Pantheon (2003), 288 pages
Set in Seattle at the turn of the millennium, when the high-tech Gold Rush threatens to overwhelm the actual world with its myriad virtual alternatives, two immigrants are drawn here by more traditional versions of the American Dream.
What he likes doing is blending genres, confounding categories. Fiction, non-fiction, travel, sociology. His first major book, Soft City, mixed journalism with drama, semiotics and literary criticism. Foreign Land itself began as another travel book, a false start at what, the following year, became Coasting. What he does, he says, is "what used to be called 'human geography': writing about place - about people's place in place, and their displacement in it". His views, ironic and humane, are always acute; always illuminating. His prose - agile, musky, particular - is a treasure.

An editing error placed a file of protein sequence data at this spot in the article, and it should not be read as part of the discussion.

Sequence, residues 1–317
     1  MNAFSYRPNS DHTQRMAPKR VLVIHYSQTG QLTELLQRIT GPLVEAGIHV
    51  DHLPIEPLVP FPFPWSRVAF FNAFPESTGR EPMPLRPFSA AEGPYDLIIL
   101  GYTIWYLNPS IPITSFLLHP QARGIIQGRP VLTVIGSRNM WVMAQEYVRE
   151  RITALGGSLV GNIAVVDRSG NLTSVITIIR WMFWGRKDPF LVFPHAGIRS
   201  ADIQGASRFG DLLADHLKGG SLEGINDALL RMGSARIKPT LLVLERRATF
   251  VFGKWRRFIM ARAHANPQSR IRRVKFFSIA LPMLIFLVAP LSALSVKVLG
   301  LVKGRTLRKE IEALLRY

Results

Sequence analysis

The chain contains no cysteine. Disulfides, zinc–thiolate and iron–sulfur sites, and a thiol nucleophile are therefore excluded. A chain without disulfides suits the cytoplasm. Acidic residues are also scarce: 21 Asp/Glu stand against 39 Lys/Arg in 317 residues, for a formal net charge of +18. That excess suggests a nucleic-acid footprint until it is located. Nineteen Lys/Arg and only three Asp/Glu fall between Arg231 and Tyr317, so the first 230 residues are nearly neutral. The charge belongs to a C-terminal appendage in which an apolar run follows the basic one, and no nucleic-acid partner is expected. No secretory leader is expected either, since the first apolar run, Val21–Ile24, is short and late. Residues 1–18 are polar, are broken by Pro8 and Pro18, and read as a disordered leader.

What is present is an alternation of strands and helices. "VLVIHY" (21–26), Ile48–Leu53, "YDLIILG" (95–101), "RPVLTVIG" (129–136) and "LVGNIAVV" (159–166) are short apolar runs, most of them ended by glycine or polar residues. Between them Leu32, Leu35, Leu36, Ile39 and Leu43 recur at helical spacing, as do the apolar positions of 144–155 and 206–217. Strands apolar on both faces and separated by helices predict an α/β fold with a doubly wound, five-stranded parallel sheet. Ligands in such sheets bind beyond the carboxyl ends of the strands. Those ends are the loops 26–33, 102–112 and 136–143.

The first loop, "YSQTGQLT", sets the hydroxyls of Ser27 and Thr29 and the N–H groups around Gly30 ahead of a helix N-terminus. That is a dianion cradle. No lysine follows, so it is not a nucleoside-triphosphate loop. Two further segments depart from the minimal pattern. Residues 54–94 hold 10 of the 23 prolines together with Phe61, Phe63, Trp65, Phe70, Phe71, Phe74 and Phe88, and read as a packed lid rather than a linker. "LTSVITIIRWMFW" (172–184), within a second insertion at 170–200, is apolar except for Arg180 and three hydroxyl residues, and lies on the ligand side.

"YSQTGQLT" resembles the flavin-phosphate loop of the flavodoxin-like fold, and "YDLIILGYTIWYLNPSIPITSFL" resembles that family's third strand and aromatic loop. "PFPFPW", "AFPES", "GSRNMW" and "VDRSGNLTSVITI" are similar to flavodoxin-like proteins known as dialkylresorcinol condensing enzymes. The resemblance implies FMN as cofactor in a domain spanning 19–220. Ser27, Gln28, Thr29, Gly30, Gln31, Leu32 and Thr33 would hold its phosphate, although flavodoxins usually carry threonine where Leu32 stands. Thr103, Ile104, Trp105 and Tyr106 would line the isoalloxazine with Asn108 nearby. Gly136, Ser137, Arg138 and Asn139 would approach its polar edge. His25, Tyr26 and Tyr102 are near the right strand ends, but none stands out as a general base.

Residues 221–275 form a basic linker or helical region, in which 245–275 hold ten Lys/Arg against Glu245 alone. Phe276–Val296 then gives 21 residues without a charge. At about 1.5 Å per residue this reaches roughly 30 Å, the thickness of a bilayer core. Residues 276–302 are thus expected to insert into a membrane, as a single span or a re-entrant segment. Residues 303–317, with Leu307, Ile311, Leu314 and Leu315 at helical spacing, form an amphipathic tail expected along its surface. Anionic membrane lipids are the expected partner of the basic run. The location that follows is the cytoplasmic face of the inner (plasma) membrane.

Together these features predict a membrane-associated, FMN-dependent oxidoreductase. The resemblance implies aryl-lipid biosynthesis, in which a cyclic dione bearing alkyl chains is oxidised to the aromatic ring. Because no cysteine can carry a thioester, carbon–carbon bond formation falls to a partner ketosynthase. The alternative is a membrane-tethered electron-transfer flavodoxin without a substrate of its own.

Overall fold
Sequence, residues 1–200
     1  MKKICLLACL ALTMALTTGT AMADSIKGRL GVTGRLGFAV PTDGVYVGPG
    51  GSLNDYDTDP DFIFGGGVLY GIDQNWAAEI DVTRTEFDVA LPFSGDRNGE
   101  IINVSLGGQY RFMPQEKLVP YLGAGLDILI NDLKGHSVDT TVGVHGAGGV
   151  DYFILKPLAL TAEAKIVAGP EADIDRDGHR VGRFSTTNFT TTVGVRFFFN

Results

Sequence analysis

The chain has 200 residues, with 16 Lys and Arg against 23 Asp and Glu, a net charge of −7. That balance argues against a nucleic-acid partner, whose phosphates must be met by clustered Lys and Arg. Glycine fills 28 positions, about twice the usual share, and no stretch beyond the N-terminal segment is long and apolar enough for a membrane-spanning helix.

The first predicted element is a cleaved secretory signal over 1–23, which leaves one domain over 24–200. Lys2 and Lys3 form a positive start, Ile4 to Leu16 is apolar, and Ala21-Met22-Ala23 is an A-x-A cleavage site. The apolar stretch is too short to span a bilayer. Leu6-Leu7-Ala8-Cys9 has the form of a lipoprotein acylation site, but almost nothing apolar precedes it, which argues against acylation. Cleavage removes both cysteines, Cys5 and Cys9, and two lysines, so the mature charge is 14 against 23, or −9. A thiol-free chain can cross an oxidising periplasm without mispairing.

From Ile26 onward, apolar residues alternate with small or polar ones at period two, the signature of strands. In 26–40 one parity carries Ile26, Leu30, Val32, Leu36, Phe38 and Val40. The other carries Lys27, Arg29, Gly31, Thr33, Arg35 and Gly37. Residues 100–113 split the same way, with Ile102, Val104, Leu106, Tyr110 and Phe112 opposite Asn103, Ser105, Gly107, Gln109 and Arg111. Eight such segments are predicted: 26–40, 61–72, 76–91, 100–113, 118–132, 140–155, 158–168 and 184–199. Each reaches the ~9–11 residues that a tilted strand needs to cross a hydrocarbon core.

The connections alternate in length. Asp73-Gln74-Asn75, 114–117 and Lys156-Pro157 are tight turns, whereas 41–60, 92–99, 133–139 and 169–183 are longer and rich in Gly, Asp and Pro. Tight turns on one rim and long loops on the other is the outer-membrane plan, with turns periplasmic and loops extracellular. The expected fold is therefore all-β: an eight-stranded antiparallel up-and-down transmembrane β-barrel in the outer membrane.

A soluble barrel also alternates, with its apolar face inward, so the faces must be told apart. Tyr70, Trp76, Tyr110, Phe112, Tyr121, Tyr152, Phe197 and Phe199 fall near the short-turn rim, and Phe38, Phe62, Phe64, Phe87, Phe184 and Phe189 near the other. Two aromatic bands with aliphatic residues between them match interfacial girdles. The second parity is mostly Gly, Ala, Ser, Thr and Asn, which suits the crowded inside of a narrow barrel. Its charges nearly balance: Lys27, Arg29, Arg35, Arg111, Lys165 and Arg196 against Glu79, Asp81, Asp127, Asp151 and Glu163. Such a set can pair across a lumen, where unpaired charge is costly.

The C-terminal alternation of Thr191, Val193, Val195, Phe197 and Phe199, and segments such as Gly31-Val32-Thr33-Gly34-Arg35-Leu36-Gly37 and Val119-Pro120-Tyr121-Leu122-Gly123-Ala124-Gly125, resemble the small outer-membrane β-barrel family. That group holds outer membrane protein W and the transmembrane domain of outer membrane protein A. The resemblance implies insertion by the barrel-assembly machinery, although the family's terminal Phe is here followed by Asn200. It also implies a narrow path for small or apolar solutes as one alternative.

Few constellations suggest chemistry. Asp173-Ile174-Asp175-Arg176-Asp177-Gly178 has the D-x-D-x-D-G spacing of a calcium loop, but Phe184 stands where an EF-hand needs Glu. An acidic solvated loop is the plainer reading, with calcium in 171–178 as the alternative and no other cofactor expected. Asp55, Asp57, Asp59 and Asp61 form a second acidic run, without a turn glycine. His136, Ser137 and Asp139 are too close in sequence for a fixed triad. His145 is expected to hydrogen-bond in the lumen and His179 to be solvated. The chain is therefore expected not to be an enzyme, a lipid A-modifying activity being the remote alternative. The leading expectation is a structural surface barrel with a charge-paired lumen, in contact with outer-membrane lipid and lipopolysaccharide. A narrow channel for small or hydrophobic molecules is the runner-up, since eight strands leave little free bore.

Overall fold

LibraryThing member alic
a well-written description of Seattle during the heady dot-com era
LibraryThing member bobbieharv
Set very solidly in Seattle, about a guy with an ordinary life who gets falsely accused, and his growing relationship with a Chinese guy fixing his house, and lessening relationship with his wife. Much better than I've made it sound - great characters.
LibraryThing member Gateaupain
Early in the book there is reference to a box that Tom keeps full of scraps that one day he might turn into a novel. I think that this book is from Raban's scrap-box. - Different stories roughly overlapped. The book didn't finish. It just stopped. I didn't really understand the Waxwing reference (I'd bought the book for old times sake remembering Pale Fire). I enjoyed the trip of reading it tho'.
0375410082 / 9780375410086